Since Bible demands this, it should surprise no one that the mainstream Church of Christ has begun to demand this, because we are above all else, people of the Book. It is our continued study of and persistent faithfulness to the living and active contents of this Book that keeps our movement faithful to its heritage. This and only this will help us to remain faithful to our name, that is to remain a church that is “of Christ.” 

Dr. McLarty, in the Christian Chronicle piece, makes this powerful observation and corresponding commitment: “As part of my doctoral work, I studied the tendency of faith-founded colleges to drift away from their founding church, to abandon their core mission, and often, to become enemies of the ideas and principles on which they were started. This solidified my resolve to do all I could do to see that this does not happen to Harding.”

I love our new president’s resolve to not allow Harding to drift away from the Church of Christ. Let’s stay a family, and keep Harding in the family. We can remain open to all without having to drift away from the Church of Christ. And let’s certainly not throw this association to the wind in order to attract more students or become more academically or athletically prestigious. Amen! While I appreciate his concern, I don’t sense Dr. McLarty will have to fight as hard as he is preparing to protect this. I’ve not heard any among our Harding family that wants to go the way of Duke, or Yale, or Harvard, each of whom did lose their attachment to their founding church affiliation, and then eventually lost their attachment to Christ and the Bible. If a call that threatens this comes from some segment among us in the future, I will gladly be counted among the folks who will ensure that he does not stand alone in his resolve. But I haven’t heard anyone call for or even have a desire for this. I know that I and those like me do not. All we are asking for is that Harding would (officially) agree that when loyalty to a Church of Christ value and our loyalty to a Jesus Christ value collide, it is the Church of Christ value that should give way.

What is the “core mission” he doesn’t want abandoned? Is it the mission to exalt Jesus Christ? Or is it the mission to exalt some distinctive doctrines of the Church of Christ?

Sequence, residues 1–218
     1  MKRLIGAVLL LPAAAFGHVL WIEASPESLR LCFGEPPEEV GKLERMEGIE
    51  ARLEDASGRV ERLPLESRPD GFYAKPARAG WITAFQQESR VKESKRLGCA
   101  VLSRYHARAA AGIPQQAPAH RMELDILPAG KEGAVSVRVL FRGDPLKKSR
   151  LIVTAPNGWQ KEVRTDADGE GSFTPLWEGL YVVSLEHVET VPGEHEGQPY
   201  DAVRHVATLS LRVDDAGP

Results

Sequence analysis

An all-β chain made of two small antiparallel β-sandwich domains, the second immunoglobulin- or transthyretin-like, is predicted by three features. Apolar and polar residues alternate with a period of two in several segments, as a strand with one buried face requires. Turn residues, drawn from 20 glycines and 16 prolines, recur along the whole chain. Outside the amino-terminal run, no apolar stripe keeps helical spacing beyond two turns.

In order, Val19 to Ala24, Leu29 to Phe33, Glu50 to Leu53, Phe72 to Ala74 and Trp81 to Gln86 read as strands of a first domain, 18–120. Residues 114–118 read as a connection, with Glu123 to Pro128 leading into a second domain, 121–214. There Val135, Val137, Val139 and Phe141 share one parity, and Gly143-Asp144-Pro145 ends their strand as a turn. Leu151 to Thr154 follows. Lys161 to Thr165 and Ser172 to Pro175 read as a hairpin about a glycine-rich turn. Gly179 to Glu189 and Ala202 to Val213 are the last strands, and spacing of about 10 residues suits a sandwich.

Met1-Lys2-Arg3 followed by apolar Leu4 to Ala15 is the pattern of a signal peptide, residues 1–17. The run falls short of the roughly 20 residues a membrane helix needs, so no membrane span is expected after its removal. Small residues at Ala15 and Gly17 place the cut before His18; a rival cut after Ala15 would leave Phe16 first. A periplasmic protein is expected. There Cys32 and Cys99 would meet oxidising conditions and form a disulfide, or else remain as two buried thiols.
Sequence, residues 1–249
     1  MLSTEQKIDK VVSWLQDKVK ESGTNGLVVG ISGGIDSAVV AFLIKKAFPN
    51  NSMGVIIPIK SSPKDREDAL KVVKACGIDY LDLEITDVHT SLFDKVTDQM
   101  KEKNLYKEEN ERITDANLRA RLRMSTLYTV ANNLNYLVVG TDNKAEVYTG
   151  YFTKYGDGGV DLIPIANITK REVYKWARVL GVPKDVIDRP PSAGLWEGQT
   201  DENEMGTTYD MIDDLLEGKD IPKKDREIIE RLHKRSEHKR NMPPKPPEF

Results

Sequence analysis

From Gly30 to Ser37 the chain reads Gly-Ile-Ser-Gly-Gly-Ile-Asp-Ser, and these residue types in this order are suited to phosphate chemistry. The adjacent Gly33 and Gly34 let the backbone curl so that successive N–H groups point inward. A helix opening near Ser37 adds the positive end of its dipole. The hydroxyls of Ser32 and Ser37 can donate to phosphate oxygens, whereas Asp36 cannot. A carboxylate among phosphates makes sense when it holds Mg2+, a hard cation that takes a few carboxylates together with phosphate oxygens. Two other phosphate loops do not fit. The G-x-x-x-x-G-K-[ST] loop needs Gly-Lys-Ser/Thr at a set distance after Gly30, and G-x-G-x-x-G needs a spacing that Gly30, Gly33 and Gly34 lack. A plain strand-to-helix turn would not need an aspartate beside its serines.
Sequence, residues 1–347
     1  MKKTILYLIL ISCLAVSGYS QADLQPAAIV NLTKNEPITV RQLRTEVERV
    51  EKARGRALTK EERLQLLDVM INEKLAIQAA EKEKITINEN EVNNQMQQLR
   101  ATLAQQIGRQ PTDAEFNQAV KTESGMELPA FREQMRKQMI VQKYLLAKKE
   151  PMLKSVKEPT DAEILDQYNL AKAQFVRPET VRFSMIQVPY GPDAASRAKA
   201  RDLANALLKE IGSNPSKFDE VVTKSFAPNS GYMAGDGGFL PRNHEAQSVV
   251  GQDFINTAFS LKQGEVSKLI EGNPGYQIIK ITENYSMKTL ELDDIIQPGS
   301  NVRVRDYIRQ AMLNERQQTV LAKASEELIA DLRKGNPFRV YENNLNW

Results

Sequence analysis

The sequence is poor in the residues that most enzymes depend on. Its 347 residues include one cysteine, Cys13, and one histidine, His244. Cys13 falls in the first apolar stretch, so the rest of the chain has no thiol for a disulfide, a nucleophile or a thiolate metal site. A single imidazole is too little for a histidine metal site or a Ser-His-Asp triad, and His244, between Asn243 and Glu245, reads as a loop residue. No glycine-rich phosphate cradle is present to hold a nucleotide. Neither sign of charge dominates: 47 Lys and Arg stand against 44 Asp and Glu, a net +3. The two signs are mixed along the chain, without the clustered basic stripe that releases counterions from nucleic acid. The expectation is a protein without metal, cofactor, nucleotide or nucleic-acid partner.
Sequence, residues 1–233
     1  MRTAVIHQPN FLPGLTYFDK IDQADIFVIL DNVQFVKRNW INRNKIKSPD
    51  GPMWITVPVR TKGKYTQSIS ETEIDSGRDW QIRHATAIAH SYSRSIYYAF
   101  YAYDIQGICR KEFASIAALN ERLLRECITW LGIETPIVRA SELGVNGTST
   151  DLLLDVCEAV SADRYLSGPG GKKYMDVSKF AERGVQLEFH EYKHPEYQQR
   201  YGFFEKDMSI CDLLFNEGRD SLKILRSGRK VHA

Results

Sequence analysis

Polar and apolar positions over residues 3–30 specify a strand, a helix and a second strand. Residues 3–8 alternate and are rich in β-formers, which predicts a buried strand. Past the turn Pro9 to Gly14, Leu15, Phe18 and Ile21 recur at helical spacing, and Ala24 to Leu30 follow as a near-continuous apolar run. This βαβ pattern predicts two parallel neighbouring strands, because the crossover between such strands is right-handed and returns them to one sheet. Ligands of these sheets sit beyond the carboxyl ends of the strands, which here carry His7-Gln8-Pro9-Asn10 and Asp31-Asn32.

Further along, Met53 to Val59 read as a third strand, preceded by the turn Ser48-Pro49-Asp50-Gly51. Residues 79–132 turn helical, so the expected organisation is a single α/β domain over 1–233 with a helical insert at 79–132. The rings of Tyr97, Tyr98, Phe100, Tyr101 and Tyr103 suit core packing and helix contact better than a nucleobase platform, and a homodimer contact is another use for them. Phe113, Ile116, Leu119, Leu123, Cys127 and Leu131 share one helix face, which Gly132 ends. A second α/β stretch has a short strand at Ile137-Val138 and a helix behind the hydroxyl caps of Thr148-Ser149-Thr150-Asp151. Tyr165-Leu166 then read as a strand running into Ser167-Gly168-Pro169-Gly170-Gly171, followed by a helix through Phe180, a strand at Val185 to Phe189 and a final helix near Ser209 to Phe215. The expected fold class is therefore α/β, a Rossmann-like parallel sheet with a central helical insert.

What are the “ideas and principles” he is resolved to keep Harding from becoming an enemy? Are the person of Jesus Christ, the Kingdom, and the Gospel message the ideas and principles upon which Harding started? Or, are a distinctive set of Church of Christ doctrines and worship practices the ideas and principles upon which Harding started?

This really matters.

The mainstream Churches of Christ, many of which are full of Harding students – past, present, and future – has necessarily learned from the Bible that it must distinguish between these things. Only the “rigid legalism on the Right” in our fellowship would assert, for example, that there is no difference between the Gospel message and our historically distinctive Church of Christ worship practices. One is centered on Christ; the other is centered on Sunday morning gatherings. One is worth dying for; the other is an edifying practice that our churches utilize to worship God. One saves souls, the other does not.

Dr. McLarty continues by saying: “In the reflection chapter at the end of my dissertation, I wrote that my research had crystallized within my thinking the following goal: ‘To prepare Harding University to remain Christian in our core identity until Jesus returns.’”

There is none of us in any Church of Christ, even those who are extremely “Right” or “Left,” that would disagree with this crystallized goal as it is written. Further, this is not even a uniquely Church of Christ statement.

Why is this important to note?

Because, another historical heritage marker of our fellowship is the taking of universal, Biblical, and Christian words and packing them with uniquely Church of Christ meanings. If his phrase “remain Christian” means “remaining faithful to the life and teachings of Jesus Christ,” then great. But if he intends the phrase to actually mean, “remaining faithful to the distinctive doctrines and worship practices of the historical Church of Christ,” then many of us in the mainstream Church of Christ cringe, concerned that Harding is not being faithful to a Word of God that is still living and active, and to a scripture that is still useful to teach us, rebuke us, correct us, and train us to a fuller and truer righteousness as a fellowship.

In the article, Dr. McLarty quotes the 2008 Expanded Mission Statement (proving, I guess, that we can expand our mission statement should our followership of Christ call for it) when it says: “Though we live in a time of significant confusion over our brotherhood’s identity, we are determined that Harding University will become captive to neither a rigid legalism on the Right nor a formless liberalism on the Left. ‘With gentleness and respect’ (1 Peter 3:16, NIV) we continue to affirm such distinctive convictions of the mainstream Churches of Christ as baptism for the remission of sins, a cappella music in worship, and male spiritual leadership in congregations.”